You are currently viewing ONE YEAR WITH MY NIKON D750


I have been using my Nikon D750 almost exclusively for over a year. Today I would like to tell you about my experiences, especially about its suitability for light art photography and light painting.

What do I expect from a camera?

  • Good image quality, I work in such a way that I can have a large print made of each of my pictures if necessary.
  • good operability, all relevant functions should be able to be operated blindly without a display and menu
  • robustness, I’m often out and about in rather neglected places, the camera has to be insensitive to the penetration of
    dust and moisture and withstand the odd knock or two without damage
  • good noise behaviour with long exposure times
  • Long battery life, I sometimes expose for many minutes or even hours, so the battery should not run down during the exposure.
  • built-in WLAN would be good

How well does the D750 meet my requirements?

The image quality is more than sufficient for my requirements, I was particularly impressed by the dynamic range.
Compared to my old D300s, the operation takes a little getting used to in some places. I don’t understand why Nikon would include functions like the woman with the hat, the flower and the mountain in a €1800 camera whose target group is definitely not beginners and holiday shooters. Nor do I understand the purpose of a foldable display. I fear that this will be the first thing to break, even though I hardly ever unfold it. In any case, I never missed the folding display before.
Otherwise, all the controls that are important to me are easy to reach and have a good pressure point. After about 2 weeks I was able to operate the camera completely blind, which is a huge advantage when working in the dark.
I can’t say too much about the robustness after one year, but so far the D750 has survived all the rocky locations I’ve visited without damage.

The noise is much lower than with my old D300s. At temperatures below 10°C, I usually switch off the noise reduction in the camera because it simply brings almost no advantage, even if I expose for 10 minutes or longer. Noise at high ISO is also surprisingly low, although it doesn’t matter much for light painting and light art photography.
I took the cover picture at ISO 6400 with an exposure time of 30 seconds. The in-camera noise reduction was switched off here. The temperatures were also a summery 21°C at night.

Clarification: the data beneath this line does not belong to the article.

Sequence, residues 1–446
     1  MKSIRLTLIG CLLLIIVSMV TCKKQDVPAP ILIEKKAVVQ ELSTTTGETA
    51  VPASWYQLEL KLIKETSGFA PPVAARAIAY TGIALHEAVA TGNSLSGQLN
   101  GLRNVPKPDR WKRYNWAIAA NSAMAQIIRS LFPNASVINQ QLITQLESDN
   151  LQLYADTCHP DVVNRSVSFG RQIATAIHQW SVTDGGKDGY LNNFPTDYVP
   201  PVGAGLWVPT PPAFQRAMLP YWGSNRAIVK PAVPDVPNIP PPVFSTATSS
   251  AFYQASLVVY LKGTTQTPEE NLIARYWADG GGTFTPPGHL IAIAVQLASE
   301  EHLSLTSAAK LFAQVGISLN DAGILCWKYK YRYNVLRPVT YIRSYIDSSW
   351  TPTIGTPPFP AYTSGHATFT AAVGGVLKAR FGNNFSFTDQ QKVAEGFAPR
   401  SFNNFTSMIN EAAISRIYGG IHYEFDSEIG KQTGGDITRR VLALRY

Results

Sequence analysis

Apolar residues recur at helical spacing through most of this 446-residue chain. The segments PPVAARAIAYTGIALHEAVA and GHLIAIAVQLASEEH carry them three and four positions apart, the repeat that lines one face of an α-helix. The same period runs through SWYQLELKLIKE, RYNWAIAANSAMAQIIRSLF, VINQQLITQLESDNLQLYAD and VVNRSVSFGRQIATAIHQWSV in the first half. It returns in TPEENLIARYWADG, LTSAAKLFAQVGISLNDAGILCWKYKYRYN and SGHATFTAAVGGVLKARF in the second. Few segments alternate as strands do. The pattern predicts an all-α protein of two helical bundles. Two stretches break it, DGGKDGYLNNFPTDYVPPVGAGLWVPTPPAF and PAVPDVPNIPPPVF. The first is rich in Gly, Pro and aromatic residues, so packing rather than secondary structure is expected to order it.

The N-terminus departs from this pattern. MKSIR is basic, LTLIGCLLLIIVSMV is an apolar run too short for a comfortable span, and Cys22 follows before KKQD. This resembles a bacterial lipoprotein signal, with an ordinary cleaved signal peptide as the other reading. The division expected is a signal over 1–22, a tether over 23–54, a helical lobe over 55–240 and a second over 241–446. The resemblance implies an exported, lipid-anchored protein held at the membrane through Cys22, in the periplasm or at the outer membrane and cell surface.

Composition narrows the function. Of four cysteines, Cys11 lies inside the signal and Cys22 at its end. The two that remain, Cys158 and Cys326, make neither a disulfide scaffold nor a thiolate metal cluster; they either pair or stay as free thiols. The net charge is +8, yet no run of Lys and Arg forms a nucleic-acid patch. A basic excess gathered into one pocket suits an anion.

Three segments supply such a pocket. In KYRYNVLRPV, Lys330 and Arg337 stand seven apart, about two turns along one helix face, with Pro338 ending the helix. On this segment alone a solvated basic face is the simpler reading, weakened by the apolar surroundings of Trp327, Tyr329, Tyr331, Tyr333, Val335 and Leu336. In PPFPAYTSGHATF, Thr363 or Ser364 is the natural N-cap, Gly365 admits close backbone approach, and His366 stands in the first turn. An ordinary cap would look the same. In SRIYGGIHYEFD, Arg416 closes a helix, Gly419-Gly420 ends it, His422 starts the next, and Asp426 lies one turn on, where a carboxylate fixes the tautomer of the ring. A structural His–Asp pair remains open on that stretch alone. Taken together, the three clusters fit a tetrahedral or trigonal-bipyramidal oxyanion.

I only removed a few (less than 100) hot pixels from the image using Darktable. Otherwise it is as the sensor recorded it.

Nikon gives the battery life as over 1200 shots. The battery lasts long enough even at temperatures around freezing point. So 15 exposures of 5-6 minutes each are possible even on a cold winter night. The only downer is the fancy price of over 50€ for the replacement battery. Due to many bad experiences with replica batteries from China, I no longer buy them. Since there are a lot of scammers in the various online shops, the only option is to buy from a local, well-stocked specialist shop.

Every €100 mobile phone has WLAN, Bluetooth and GPS built in, and then I’m allowed to buy these as expensive accessories for an expensive camera?
In 2015, Nikon actually managed to equip a professional DSLR with Wi-Fi. I never thought I’d see the day…
The D750’s Wi-Fi works well. The battery is not overused, but this is probably also due to the fact that the camera automatically disconnects after a short time. Anyway, the function is suitable for transferring a Live View image or the finished result to the tablet and I don’t need anything else.
I can’t say whether the autofocus works well. I usually use manual lenses anyway, like the Samyang 14/2.8 or the Meyer Optik Görlitz Figmentum 35/2. And with the autofocus lenses I switch it off, because it wouldn’t work anyway for light painting in the dark.
What I like about the camera is that it has two memory card slots. And I particularly appreciated the “time” function for controlling the exposure. In contrast to “bulb”, the shutter is opened the first time the shutter release button is pressed and closed the second time. This saves the remote shutter release when working with two people, and when working alone I no longer get a bad thumb because I don’t have to hold down the button on my Yongnuo radio shutter release for the entire exposure time.

All in all, a very decent work tool with hardly any weaknesses worth mentioning…. Actually, I can’t think of anything negative at the moment.

I wish you good light all the time

Sven Gerard

Sven Gerard, Jahrgang 1969, geboren und aufgewachsen in Berlin. Er fotografiert seit frühester Jugend mit großer Leidenschaft. Neben dem fotografischen Erkunden zahlreicher beeindruckender verlassener Orte, widmet er sich seit mittlerweile 10 Jahren intensiv dem Lightpainting. Sein umfangreiches Wissen teilt er auf seinem Blog „“, weiteren Publikationen und in seinen Workshops. Darüber hinaus organisiert er Veranstaltungen zum Thema Lightpainting, wie „Light Up Berlin“. Gerard lebt gemeinsam mit seiner Lebensgefährtin in Berlin und hat einen erwachsenen Sohn. Sven Gerard was born in 1969 and grew up in Berlin. He has been a passionate photographer since his early youth. In addition to photographically exploring numerous impressive abandoned places, he has been intensively involved in light painting for 10 years now. He shares his extensive knowledge on his blog ‘’, other publications and in his workshops. He also organises events on the subject of light painting, such as ‘Light Up Berlin’. Gerard lives in Berlin with his partner and has a grown-up son.

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